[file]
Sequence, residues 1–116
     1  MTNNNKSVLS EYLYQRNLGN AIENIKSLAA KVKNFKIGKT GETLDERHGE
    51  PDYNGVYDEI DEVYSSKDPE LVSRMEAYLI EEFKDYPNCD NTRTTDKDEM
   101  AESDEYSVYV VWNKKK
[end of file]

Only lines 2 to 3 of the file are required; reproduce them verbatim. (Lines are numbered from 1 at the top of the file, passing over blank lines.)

     1  MTNNNKSVLS EYLYQRNLGN AIENIKSLAA KVKNFKIGKT GETLDERHGE
    51  PDYNGVYDEI DEVYSSKDPE LVSRMEAYLI EEFKDYPNCD NTRTTDKDEM